This can be great for them while also helping you develop your knowledge, skills, confidence, speed, and business, or it can bury you in a pile of student violins you would rather light on fire than spend another minute working on. Good communication is key, and then see where that takes you. 

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So I've just taken on a repair guy position for a non-profit youth orchestra. Mostly just cutting and setting soundposts, closing seams/cracks, planing fingerboards and the like.

I'd like to call my self new to violin making, but I have been repairing guitars for a number of years, and worked in a shop doing the same thing.

I've never forayed into restoration or anything like that, but I know the basics of simple repair work. I'm not familiar with varnish touch up just yet, and can't do a neck reset/pegbox graft or a soundpost patch. It's all stuff I can certainly learn to competency, but currently lack the skills to pull off well.

It's going to be paid work presumably, and there seems to be quite a bit of it coming my way.

My question is, is have I bitten off more than I can chew? I'm assuming that they are going to me because of the nature of non-profit, being always tight budgeted.

Also I have no idea what to charge for certain jobs. I know that that is a difficult subject to discuss, but any insight would be appreciated and go a long way.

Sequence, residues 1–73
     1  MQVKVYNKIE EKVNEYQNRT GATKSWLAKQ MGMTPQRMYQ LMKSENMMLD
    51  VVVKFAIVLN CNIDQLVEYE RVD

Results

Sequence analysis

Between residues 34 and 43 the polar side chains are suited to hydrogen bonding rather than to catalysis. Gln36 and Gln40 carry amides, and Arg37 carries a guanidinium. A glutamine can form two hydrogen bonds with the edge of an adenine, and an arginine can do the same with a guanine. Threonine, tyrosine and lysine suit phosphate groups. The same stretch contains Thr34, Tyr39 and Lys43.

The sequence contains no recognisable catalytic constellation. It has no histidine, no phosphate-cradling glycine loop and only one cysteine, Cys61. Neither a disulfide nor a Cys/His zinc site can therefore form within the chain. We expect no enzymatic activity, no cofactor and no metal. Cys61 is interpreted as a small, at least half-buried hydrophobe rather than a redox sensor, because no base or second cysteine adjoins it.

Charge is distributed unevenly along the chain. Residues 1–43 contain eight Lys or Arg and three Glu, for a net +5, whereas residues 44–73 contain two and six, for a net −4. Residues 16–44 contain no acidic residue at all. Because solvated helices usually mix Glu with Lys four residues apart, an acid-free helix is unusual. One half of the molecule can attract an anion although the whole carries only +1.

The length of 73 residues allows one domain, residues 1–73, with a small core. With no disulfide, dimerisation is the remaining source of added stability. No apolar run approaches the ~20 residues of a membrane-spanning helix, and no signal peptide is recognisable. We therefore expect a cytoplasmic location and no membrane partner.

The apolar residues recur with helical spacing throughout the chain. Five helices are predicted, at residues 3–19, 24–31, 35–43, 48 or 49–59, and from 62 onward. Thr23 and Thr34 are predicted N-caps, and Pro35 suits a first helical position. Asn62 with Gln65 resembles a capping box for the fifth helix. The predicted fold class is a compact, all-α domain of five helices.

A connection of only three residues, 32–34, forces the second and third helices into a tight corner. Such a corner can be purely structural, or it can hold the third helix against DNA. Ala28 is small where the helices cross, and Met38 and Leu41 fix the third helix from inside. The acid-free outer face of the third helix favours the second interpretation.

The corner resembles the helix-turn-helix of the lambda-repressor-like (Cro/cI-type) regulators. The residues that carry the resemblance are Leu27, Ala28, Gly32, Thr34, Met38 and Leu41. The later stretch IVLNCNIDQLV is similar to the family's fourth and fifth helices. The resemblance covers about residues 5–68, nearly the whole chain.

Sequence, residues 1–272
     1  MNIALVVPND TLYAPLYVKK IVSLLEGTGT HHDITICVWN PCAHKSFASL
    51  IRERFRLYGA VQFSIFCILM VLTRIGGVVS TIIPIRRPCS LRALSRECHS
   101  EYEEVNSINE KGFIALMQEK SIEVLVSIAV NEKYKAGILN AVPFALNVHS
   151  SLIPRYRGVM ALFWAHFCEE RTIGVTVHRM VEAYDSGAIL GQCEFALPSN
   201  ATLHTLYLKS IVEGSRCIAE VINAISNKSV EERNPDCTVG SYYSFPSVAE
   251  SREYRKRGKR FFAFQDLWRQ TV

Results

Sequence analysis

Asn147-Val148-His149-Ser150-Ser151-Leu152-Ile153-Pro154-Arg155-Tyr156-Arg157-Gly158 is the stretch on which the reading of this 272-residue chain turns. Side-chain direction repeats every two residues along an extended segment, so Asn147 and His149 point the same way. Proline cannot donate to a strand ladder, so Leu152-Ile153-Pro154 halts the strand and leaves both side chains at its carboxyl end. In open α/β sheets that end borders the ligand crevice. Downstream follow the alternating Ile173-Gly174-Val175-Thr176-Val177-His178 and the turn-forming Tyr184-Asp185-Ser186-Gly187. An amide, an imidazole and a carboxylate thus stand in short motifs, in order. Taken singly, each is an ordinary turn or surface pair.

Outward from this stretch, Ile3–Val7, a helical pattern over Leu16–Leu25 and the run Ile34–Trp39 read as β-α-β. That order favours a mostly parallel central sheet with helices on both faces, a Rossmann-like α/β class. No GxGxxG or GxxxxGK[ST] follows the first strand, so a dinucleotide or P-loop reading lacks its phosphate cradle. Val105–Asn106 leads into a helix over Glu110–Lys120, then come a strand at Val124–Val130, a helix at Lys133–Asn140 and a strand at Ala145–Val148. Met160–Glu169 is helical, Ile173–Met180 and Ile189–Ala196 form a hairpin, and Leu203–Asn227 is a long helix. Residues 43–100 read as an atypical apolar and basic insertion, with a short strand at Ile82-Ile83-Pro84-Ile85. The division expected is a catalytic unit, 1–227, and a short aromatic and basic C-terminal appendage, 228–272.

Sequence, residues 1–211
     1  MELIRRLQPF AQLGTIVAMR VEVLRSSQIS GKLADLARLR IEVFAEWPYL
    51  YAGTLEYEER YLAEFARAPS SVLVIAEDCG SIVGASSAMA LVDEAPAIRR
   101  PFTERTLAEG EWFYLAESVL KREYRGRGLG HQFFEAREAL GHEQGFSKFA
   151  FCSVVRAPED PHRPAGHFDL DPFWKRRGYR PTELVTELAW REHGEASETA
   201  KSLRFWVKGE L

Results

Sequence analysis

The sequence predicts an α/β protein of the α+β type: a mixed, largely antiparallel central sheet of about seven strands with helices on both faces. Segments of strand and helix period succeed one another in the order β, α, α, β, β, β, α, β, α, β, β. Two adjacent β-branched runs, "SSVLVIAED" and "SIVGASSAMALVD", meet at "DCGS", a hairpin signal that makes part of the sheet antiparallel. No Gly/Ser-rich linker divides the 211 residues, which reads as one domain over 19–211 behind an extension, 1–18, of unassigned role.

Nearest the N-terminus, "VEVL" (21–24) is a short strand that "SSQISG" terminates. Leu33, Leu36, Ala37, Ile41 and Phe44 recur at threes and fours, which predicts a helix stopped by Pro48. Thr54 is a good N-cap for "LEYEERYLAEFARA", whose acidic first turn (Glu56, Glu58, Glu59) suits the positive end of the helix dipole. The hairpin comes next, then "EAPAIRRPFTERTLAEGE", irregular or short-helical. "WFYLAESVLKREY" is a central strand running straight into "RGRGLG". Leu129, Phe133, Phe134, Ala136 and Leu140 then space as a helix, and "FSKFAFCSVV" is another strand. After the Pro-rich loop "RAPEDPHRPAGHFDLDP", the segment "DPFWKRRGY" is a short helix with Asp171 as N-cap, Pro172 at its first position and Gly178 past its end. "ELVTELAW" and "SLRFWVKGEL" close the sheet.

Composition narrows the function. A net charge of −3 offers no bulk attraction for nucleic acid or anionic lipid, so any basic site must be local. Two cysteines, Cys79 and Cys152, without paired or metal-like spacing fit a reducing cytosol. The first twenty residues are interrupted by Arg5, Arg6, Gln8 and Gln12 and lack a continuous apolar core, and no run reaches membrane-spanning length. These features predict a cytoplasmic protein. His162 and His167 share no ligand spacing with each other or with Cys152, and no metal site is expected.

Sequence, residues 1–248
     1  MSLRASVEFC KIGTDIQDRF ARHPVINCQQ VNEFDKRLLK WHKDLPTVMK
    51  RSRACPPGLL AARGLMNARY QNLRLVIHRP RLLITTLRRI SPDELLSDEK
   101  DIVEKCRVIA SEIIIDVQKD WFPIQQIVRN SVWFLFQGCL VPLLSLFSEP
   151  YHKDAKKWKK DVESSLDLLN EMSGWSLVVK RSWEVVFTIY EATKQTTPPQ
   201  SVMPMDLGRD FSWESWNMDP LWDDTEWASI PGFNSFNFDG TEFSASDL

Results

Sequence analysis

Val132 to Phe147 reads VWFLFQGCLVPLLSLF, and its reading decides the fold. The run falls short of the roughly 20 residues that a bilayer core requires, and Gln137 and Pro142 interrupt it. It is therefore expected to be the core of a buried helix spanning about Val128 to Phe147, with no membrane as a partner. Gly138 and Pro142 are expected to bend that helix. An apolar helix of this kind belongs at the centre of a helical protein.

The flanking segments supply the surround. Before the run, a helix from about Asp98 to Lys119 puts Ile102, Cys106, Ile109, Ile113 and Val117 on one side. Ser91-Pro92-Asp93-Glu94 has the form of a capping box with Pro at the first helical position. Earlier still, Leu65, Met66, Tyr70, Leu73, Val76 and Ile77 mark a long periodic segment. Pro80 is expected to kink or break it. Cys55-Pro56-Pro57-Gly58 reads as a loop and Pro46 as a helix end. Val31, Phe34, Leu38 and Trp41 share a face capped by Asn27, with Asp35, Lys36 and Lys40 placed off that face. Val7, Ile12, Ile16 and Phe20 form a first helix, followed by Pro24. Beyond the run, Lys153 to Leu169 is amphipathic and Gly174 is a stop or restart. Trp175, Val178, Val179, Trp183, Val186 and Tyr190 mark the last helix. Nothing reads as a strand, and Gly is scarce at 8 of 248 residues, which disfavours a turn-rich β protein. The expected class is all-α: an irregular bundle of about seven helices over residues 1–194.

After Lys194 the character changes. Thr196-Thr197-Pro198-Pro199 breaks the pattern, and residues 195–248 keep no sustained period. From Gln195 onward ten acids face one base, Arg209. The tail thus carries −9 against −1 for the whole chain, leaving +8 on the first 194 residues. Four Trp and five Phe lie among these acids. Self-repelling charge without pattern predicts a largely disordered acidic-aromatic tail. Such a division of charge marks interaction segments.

Thanks.

 

Just want to say : Mad respect no matter what the outcome is, I do the same for young guitar players locally, may all  the karma in the universe come your way

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Thanks for all of the wonderful advise guys. I truly truly appreciate all of your wisdom.

My GF got me thinking about something. I'm planning on going to flea markets and Craigslist and the like looking for old crappy German/Eastern European turn of the century fiddles that can be had for virtually nothing and essentially "flipping" them. If I encounter a school violin that is FUBAR, I may offer to not repair the school instrument and buy it a few months of life but instead, offer these flipped violins for sale at a very fair price, that is, something comparable to the cost of repairs of the school instrument.

Does that sound ludicrous? Or could it possibly be something that can work for both parties?

I have found good results with trolling all the antique stores and flea markets...with best luck in antique shops.  Often I find what appear to be junk but are in fact essentially sound dutzendarbeit  from the 17 & 1800's... Once well repaired and adjusted, these sell nicely with the selling point being the age and the potential for a good story to go with it.... and BTW, I never pay what is asked ... usually I can bargain the cost down to half of what is asked.... some of these Bohemian violins can be had for 25- 50$

 

Good luck! ... Mat

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Wait until you've been doing this for a year or so, and know what you are dealing with, before you innovate anything.  :)

Doesn't hurt to accumulate a small fleet of fixed-up fiddles ready to go, that you won't lose sleep over loaning out when customers bring their instruments in for fixing.